- A spectrum of rare genodermatoses in which a disturbed coherence of the epidermis and/or dermis leads to blister formation following trauma. Hence, the designation mechano-bullous dermatoses.
- Disease manifestations range from very mild to severely mutilating and even lethal forms that differ in mode of inheritance, clinical manifestations, and associated findings.
- Classification based on the site of blister formation distinguishes three main groups: epidermolytic or EB simplex (EBS), junctional EB (JEB), and dermolytic, or dystrophic, EB (DEB).
- In each of these groups there are several distinct types of EB based on clinical, genetic, histologic, and biochemical evaluation.
Based on level of cleavage and blister formation there are three main types:
- Epidermolytic. Cleavage occurs in keratinocytes: EB simplex (EBS)
- Junctional. Cleavage occurs in basal lamina: junctional EB (JEB)
- Dermatolytic. Cleavage occurs in most superficial papillary dermis: dermolytic, or dystrophic, EB (DEB)
In each of these groups there are several distinct types of EB based on clinical, genetic, histologic/electronmicroscopic, and biochemical evaluation (Table 6-1). Only the most important are discussed here.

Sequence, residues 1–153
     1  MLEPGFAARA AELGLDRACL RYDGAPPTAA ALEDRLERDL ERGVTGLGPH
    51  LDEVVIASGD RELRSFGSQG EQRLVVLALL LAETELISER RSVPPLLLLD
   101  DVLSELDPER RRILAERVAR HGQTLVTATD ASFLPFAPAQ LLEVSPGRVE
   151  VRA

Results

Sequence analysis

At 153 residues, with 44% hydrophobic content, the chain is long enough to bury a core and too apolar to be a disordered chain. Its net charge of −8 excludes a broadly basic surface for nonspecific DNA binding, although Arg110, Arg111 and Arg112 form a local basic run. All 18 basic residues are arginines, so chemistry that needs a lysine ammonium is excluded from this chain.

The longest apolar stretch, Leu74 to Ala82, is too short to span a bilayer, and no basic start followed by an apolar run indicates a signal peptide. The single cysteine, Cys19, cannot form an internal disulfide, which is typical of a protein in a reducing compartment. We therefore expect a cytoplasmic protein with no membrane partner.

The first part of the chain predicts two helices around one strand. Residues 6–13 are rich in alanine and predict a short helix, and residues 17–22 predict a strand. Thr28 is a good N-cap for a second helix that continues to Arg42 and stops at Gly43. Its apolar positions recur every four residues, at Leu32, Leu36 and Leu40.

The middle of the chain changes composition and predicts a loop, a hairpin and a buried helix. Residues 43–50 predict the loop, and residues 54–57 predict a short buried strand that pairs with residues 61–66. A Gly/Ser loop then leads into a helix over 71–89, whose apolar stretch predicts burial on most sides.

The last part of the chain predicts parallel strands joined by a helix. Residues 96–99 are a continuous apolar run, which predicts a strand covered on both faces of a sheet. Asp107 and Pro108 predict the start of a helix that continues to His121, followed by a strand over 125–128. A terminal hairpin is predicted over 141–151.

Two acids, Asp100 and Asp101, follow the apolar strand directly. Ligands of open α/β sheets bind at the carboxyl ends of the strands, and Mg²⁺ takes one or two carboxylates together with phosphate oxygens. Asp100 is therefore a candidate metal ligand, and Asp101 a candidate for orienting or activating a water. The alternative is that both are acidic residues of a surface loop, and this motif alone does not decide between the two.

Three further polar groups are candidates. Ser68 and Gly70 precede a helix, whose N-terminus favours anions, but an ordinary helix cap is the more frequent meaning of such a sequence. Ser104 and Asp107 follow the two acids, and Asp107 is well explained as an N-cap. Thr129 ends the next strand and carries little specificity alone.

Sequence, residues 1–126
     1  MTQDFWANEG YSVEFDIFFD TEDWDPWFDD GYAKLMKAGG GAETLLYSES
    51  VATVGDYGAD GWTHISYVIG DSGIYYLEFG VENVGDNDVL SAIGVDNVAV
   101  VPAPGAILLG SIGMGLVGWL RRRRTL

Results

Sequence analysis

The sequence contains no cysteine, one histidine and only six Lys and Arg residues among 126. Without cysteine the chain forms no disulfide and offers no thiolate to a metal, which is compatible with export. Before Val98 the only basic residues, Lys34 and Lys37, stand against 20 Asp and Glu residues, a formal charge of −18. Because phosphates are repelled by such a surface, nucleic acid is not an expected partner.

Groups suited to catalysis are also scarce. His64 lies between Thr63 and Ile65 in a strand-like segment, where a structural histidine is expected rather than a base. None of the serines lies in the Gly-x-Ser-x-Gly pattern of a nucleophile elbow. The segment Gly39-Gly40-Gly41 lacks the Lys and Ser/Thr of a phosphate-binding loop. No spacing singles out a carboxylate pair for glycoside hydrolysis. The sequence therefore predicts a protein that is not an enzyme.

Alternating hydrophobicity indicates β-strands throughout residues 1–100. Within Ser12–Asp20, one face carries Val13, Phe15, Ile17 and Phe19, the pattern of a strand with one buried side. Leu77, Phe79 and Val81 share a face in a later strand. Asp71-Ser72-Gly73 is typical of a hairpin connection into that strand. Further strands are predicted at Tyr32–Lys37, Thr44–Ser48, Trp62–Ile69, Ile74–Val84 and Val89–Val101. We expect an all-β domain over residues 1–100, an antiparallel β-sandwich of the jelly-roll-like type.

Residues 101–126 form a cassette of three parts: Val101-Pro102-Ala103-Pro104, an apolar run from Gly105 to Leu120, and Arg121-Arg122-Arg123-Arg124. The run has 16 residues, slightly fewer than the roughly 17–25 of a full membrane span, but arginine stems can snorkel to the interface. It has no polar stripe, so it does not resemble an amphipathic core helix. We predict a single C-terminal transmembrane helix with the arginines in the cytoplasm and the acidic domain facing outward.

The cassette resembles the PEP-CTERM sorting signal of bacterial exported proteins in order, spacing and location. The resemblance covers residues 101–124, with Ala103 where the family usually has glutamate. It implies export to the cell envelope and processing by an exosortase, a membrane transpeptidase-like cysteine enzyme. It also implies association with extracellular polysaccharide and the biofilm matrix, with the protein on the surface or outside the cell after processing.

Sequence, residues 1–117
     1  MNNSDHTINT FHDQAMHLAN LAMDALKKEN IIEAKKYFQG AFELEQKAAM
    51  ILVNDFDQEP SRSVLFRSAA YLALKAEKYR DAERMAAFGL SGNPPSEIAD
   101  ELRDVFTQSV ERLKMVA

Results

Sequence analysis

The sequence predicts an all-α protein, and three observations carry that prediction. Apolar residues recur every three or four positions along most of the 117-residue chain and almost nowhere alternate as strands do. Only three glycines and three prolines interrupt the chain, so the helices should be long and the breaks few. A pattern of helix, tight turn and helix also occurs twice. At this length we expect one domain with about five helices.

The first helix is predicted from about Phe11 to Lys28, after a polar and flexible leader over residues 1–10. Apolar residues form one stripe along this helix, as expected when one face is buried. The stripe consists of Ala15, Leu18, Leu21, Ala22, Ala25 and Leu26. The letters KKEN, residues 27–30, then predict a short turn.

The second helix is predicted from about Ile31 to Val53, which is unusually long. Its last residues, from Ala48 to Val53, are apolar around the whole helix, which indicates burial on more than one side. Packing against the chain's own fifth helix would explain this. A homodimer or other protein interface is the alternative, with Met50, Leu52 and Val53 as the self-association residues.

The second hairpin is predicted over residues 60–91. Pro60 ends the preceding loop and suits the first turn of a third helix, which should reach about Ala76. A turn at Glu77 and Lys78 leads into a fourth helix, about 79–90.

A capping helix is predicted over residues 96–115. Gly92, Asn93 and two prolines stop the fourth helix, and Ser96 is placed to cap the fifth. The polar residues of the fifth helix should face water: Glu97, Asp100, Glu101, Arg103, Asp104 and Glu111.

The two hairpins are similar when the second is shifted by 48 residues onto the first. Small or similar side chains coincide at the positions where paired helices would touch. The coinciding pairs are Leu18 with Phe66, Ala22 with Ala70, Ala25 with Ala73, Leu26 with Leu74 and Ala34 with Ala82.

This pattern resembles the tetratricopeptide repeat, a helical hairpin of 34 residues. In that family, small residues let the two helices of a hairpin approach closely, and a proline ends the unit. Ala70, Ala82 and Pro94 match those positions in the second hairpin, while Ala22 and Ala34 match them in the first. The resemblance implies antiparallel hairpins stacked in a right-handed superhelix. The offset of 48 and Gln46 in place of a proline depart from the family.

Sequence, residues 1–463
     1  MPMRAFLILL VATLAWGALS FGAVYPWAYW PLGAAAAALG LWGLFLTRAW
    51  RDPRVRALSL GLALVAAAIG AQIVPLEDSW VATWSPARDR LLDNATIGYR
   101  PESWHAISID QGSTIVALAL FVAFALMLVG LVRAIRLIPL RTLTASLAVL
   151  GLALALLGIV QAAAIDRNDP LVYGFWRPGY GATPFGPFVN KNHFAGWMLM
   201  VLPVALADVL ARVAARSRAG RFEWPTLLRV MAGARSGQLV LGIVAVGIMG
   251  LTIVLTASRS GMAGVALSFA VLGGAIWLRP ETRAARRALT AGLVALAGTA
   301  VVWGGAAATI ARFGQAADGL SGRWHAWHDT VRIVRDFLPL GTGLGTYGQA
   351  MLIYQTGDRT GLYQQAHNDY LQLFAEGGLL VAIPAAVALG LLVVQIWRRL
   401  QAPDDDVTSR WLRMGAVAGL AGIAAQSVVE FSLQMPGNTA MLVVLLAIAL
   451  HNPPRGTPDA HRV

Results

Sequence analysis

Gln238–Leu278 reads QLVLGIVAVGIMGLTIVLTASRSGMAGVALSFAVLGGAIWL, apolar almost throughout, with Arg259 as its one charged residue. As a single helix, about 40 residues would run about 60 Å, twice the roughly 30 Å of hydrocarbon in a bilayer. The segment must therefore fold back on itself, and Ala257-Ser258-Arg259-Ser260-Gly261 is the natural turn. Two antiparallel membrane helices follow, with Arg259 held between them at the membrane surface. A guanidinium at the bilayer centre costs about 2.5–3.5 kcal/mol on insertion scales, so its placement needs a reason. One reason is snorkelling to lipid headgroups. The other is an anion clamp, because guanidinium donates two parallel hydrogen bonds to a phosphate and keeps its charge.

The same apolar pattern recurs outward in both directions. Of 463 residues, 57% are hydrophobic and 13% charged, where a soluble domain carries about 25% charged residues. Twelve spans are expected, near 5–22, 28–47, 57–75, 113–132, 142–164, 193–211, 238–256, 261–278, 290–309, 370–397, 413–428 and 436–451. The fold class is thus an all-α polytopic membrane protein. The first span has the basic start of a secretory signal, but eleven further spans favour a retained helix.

Table 6-1 Classification of Epidermolysis Bullosa |Favorite Table|Download (.pdf)
Table 6-1 Classification of Epidermolysis Bullosa
Level of Separation
EB with muscular dystrophy
EB with pyloric atresia
Generalized atrophic benign
Ectodermal dysplasia-skin fragility
The overall incidence of hereditary EB is placed at 19.6 live births per 1 million births in the United States. Stratified by subtype, the incidences are 11 for EBS, 2 for JEB, and 5 for DEB. The estimated prevalence in the United States is 8.2 per million, but this figure represents only the most severe cases as it does not include the majority of very mild disease going unreported.
Etiology and Pathogenesis
Molecules involved are listed in Table 6-1 and localization in the tissue and sites of cleavage are shown in 5200895.